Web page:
We also know it’s not just health. People struggle with this sense of isolation and disconnection from others, and it also impacts their performance in work and at school.

Some very interesting research done at the University of Pennsylvania at the Wharton School of Business and at the University of Michigan Ross School of Business has helped us to understand more about the fact that disconnection and isolation in the workplace reduces creativity, engagement and output, as well as a sense of loyalty or affiliation in the workplace, which in turn can have an impact on retention.

Relationships matter

And it’s also worth recognising, especially in this moment, given the year that we’ve been through with COVID and a Presidential election, that our sense of connection or disconnection also has a profound impact on our ability to dialogue with one another.

In all of my travels as Surgeon General and having had the privilege of speaking to people in many parts of our country, I never came across somebody who felt that this state of dialogue in America, especially political dialogue is healthy.

Whether they were Republicans or Democrats or independents, they felt that we could do better when it came to actually coming together and talking to each other and working through issues.

But it turns out that one of the foundations for healthy dialogue is actually healthy and strong relationships. Which is why when we have a disagreement with a relative, it is a little bit easier to talk through than when we are, for example, having a more heated exchange with a stranger – a faceless stranger on Twitter or on Facebook.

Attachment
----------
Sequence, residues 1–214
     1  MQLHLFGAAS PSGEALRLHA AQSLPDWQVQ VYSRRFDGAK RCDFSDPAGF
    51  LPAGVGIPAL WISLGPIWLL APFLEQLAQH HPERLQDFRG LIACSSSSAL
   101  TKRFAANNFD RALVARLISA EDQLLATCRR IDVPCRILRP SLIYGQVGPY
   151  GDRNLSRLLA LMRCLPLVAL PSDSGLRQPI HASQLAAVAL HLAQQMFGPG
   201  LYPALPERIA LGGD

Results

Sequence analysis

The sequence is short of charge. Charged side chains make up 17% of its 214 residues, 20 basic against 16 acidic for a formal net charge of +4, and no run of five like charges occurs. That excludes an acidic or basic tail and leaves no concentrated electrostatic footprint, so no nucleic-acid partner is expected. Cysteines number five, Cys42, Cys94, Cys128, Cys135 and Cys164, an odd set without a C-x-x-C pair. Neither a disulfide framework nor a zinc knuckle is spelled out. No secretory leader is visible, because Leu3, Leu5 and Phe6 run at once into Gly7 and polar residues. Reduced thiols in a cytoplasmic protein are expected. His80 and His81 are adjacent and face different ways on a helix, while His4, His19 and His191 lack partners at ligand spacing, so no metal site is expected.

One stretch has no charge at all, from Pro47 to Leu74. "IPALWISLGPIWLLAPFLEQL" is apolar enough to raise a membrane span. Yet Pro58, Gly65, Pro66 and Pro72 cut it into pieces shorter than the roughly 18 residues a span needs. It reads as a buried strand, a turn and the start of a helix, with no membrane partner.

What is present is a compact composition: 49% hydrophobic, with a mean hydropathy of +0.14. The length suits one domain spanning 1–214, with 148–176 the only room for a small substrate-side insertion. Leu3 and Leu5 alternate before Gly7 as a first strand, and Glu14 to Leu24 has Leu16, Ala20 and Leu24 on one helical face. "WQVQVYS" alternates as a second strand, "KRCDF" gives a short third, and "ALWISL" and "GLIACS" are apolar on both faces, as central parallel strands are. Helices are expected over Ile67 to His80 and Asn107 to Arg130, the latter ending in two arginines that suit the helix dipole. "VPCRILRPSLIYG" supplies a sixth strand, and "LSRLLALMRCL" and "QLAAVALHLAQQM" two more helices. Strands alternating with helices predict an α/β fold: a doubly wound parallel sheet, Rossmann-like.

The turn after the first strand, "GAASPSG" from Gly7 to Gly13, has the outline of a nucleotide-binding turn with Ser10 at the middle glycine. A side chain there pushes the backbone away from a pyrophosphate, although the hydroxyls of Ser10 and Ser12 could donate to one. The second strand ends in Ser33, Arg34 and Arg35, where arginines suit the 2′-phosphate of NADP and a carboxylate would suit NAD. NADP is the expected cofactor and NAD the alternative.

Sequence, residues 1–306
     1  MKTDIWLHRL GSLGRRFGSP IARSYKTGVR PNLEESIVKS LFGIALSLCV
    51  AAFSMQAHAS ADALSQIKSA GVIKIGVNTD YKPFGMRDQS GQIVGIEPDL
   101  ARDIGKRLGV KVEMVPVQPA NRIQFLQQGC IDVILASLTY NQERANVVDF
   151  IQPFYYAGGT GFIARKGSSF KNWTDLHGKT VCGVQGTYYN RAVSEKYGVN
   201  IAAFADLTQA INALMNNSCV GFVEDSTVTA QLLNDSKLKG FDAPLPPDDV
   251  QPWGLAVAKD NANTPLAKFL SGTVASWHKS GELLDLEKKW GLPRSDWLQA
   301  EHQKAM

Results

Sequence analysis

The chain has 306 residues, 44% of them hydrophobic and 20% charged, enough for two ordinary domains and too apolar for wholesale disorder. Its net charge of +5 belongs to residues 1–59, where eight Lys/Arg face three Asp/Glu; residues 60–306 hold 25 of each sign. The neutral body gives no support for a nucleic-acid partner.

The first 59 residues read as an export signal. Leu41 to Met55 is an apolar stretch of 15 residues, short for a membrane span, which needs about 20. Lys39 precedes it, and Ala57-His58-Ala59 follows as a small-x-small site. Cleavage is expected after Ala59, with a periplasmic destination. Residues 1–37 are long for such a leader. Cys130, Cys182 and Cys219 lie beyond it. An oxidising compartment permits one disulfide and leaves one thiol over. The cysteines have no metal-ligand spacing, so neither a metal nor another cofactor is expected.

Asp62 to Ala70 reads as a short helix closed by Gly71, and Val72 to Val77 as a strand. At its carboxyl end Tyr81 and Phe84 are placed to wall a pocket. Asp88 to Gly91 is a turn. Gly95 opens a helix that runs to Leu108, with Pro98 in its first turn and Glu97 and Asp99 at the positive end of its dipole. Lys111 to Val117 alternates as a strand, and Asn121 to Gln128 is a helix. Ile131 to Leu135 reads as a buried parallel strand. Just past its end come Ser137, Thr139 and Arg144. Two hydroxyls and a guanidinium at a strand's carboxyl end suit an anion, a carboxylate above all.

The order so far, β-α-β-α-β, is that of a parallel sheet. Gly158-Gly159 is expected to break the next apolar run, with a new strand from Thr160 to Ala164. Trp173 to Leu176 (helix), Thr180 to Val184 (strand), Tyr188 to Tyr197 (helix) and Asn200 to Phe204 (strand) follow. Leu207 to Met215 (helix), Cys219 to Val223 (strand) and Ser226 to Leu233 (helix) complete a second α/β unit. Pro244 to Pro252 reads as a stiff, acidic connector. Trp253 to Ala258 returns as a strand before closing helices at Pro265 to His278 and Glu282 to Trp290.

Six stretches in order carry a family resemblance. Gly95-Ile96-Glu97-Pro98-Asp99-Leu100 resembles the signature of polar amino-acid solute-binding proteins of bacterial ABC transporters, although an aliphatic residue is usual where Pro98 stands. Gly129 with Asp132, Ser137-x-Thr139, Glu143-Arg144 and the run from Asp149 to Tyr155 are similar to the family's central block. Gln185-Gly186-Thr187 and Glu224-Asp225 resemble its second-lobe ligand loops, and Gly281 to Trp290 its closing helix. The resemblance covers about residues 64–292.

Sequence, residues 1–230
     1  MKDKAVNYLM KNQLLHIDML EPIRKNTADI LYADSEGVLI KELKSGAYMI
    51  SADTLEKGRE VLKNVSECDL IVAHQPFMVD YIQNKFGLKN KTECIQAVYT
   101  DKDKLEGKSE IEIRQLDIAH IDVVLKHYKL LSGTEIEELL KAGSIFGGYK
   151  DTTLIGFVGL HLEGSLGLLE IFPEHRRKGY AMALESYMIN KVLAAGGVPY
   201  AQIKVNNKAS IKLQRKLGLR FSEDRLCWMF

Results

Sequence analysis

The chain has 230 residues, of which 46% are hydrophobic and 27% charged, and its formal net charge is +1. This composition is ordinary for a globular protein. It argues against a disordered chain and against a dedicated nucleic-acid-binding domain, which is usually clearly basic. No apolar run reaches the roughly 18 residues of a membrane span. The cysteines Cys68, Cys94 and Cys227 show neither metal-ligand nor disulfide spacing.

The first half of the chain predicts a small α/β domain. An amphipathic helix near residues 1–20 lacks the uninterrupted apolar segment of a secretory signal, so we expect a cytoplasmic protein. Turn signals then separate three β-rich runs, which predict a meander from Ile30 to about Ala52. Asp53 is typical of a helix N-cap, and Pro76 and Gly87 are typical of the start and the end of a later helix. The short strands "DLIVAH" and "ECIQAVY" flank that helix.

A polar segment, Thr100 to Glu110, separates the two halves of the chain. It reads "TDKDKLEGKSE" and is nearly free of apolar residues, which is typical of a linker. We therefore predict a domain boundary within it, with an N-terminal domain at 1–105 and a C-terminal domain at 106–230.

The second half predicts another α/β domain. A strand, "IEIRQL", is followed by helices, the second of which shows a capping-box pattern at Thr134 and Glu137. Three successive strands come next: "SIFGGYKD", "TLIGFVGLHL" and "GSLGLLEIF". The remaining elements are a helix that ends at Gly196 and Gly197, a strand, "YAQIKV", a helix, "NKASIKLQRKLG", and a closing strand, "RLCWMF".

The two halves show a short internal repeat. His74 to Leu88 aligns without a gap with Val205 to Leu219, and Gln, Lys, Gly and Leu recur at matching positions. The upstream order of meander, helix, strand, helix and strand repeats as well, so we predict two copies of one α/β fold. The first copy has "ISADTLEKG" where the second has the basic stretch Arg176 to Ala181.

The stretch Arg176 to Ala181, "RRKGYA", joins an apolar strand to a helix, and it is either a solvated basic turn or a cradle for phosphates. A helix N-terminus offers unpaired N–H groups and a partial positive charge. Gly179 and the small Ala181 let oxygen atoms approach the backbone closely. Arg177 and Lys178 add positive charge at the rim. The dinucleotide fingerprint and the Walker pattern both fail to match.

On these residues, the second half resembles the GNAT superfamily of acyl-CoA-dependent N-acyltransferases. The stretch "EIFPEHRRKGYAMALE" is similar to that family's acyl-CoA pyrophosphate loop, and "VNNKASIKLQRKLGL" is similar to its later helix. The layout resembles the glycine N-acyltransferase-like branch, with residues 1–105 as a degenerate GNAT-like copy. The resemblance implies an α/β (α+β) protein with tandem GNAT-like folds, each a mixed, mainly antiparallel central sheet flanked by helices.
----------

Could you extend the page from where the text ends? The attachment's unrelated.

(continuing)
So relationships really do matter. As we think about building resilience during this pandemic and beyond, and if we recognise that relationships are really a powerful source of resilience, what that tells us is that we have got to tackle the pandemic and really build resilience on three levels. The individual level, a family level and a community level.

And at an individual level there are things we can do, despite the physical distancing of this pandemic, to strengthen our relationships with one another by putting aside 15 minutes a day to reach out to people we care about. By focusing on the quality of time we have with one another, which we can improve by eliminating distraction when we’re speaking with others.